google v. microsoft, and the dev:test ratio debate
Every since I gave a talk at Google’s GTAC event here in Seattle this past October, I’ve had the chance to interact with a number of Google testers comparing and contrasting our two companies’ approach to testing. It’s been a good exchange.
Now it seems that, their toilets notwithstanding, Google focuses on testing with an intensity that is in the same general ballpark as ours. We both take the discipline and the people who do it seriously. But I think that there are some insights into the differences that are worth pondering.
Specifically, the disparity between our respective developer-to-tester ratios is worth a deeper look. At Microsoft the dev:test ratio varies somewhat from near 1:1 in some groups to double or triple that in others. At Google just the opposite seems to be the case with a single tester responsible for a larger number of bug-writing devs (clearly we have that in common).
So which is better? You tell me, but here are my thoughts (without admission of any guilt on Microsoft’s part or accusations against Google):
1. 1:1 is good. It shows the importance we place on the test profession and frees developers to think about development tasks and getting the in-the-small programming right. It maximizes the number of people on a project actively thinking about quality. It speeds feature development because much of the last minute perfecting of a program can be done by testers. And it emphasizes tester independence, minimizing the bias that keeps developers from effectively testing their own code.
2. 1:1 is bad. It’s an excuse for developers to drop all thoughts of quality because that is someone else’s job. Devs can just build the mainline functionality and leave the error checking and boring parts to the testers.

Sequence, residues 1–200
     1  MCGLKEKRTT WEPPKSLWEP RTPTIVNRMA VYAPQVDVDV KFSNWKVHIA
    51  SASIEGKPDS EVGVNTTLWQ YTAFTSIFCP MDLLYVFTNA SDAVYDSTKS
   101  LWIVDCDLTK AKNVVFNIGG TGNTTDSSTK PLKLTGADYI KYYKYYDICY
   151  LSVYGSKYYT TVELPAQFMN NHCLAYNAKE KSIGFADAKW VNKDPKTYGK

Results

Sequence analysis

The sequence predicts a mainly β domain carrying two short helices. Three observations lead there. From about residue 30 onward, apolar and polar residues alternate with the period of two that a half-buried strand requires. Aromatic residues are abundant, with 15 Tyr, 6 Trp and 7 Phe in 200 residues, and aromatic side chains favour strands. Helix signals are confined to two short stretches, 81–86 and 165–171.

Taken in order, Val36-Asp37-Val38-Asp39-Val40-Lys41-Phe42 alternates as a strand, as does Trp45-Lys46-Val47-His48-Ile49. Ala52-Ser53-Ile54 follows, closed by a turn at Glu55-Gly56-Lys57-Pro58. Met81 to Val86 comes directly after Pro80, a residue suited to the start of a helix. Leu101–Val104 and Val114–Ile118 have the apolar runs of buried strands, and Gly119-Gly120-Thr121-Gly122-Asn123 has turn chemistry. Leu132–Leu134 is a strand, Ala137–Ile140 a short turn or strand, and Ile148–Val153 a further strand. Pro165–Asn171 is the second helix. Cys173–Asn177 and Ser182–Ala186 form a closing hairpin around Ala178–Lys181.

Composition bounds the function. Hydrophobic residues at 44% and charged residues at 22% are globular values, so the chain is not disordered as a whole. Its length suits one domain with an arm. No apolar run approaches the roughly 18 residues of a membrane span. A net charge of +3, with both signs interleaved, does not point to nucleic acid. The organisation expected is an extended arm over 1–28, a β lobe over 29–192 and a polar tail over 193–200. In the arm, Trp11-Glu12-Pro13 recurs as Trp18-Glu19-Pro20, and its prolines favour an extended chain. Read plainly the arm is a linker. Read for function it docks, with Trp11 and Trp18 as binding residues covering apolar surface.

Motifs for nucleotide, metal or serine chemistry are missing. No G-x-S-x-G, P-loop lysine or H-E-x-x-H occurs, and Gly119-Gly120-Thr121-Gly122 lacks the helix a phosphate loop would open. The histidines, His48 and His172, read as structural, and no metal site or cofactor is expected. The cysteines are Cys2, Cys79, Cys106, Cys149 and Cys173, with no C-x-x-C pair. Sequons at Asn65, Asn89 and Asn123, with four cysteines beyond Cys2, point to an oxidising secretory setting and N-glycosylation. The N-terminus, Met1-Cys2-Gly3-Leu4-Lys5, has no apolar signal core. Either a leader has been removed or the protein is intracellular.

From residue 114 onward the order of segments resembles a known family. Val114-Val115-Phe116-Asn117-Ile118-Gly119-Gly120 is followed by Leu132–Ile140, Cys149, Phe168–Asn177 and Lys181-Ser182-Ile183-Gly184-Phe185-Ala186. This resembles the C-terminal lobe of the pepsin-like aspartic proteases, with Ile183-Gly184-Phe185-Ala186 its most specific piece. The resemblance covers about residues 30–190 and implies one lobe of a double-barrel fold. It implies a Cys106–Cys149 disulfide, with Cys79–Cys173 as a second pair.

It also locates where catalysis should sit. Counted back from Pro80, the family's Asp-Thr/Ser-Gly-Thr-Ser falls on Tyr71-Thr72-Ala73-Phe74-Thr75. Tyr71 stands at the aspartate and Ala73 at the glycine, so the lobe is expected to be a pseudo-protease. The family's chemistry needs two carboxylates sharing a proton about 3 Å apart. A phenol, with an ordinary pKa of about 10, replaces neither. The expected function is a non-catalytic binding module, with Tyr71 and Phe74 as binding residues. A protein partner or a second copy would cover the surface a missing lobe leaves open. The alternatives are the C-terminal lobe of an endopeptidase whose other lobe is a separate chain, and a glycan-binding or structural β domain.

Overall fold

It’s interesting to note that Microsoft testers tend to be very savvy developers and are often just as capable of fixing bugs as they are of finding bugs. But when they do so, do devs really learn from their mistakes when they have someone else cleaning up after them? Are testers, when talented and plentiful, an excuse for devs to be lazy? That’s the other side of this debate:
3. Many:1 is good. When testers are scarce, it forces developers to take a more active role in quality and increases the testability and initial quality of the code they write. We can have fewer testers because we our need is less.
4. Many:1 is bad. It stretches testers too thin. Developers are creators by nature and you need a certain number of people to take the negative viewpoint or you’re going to miss things. Testing is simply too complicated for such a small number of testers. Developers approach testing with the wrong, creationist attitude and are doomed to be ineffective.
So where’s the sweet spot? Clearly there are application specific influences in that big server apps require more specialized and numerous testers. But is there some general way to get the mix of testers, developers, unit testing, automated testing and manual testing right? I think it is important that we start paying attention to how much work there really is in quality assurance and what roles are most impactful and where. Test managers should be trying to find that sweet spot.